Healthcare reform is placing the relationship between the patient and the medical practice front and center in hopes of improving compliance and clinical outcomes.   It’s all about strengthening the relationship between patients, their physicians and the entire practice and making patients feel valued.  Although physicians are working hard to strengthen their relationship with the patients, the staff seems to fall short.

In 2013 Capko & Morgan conducted a patient satisfaction survey that spanned five metro areas of the U.S.  It revealed staff is falling short on making patients feel valued by their practices.  37% of the respondents felt the staff performed only adequately in terms of making them feel valued and respected, another 7% rated staff poorly, and suggesting there is much room for improvement.  So what can you do to get staff on board with providing a better patient experience?

Talk about it.     Help staff understand that they are a reflection of the practice to every patient. It is an important role and they hold the key to making patients feel valued.

Build in accountability.   Schedule a customer service planning meeting with staff to collectively set some performance standard dealing with staff-patient interaction.

New Patients:  Every employee is expected to honor new patients and making them feel comfortable

  • Get rid of the sign-in sheet. Introduce yourself and make a statement that welcomes them or thanks them for choosing your practice.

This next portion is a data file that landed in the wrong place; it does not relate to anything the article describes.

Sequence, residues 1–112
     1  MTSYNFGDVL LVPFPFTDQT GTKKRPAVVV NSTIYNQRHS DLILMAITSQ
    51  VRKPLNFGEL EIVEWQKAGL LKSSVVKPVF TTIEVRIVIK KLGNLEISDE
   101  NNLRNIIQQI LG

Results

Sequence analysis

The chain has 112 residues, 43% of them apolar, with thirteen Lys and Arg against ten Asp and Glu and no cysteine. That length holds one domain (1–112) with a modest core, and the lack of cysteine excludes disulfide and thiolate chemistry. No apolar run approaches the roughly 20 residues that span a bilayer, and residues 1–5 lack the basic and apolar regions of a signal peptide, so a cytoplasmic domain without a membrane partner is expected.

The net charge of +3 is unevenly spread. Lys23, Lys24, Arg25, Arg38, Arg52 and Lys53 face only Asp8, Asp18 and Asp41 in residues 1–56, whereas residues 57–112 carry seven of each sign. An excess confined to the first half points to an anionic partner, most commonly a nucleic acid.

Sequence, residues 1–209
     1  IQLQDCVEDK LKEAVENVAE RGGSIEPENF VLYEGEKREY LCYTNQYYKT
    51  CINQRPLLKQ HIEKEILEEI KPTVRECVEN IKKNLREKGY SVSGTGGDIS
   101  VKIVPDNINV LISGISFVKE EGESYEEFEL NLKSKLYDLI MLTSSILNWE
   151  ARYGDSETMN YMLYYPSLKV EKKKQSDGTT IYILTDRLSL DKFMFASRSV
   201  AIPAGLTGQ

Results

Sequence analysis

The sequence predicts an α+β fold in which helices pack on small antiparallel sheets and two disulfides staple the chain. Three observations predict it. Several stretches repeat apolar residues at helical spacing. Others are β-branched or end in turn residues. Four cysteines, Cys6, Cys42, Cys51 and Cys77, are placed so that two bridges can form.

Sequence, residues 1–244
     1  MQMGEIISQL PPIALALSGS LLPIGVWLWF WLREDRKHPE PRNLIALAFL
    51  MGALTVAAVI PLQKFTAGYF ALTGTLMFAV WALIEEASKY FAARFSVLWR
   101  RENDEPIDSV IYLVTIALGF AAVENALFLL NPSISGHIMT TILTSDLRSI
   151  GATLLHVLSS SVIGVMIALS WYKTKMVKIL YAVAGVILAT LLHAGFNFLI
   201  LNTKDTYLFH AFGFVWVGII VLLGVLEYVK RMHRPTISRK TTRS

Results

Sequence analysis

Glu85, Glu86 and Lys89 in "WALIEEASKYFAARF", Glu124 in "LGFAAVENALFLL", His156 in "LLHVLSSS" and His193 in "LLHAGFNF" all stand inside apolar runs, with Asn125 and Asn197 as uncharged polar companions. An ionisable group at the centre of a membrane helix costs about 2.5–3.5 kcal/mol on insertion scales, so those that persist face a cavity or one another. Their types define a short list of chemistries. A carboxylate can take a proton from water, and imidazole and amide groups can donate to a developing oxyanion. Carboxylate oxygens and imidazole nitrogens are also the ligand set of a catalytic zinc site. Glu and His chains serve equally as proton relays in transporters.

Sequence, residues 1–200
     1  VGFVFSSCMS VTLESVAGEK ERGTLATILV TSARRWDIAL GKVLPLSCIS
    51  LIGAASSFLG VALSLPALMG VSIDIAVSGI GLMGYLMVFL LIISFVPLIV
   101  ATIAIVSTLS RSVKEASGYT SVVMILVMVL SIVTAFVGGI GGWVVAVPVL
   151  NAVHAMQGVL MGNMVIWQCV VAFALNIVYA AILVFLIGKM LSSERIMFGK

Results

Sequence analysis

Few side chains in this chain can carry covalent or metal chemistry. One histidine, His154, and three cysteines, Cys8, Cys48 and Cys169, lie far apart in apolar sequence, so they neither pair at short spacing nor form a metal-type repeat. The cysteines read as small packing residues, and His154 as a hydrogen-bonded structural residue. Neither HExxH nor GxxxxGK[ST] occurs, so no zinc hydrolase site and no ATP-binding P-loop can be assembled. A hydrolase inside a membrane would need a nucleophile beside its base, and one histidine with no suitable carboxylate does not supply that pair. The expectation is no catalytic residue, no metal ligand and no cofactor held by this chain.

• Don’t just hand patients a clip board, explain why you need them to provide information and let them know you appreciate their cooperation. Thank them when they are finished.
  • When rooming the new patient give some information about her new physicians to provide important reassurance that she is in good hands.

All patients:

  • Greeted with a smile and by name within one minute of arrival for a visit
  • Kept informed of expected wait time in reception room and exam room
  • Before ending the conversation with a patient ask “Is there anything I can help you with?”
  • On the phone
    • Staff will identify themselves by name.
    • Callers will not be kept on hold more than 30 seconds without further communication
    • When taking messages, let the caller know when to expect a return call or what further action will be taken and when

These are realistic expectations, but areas where staff performance is often inconsistent.  If you can’t get these simple things right, it’s unlikely your patients feel valued and this is a very big deal!

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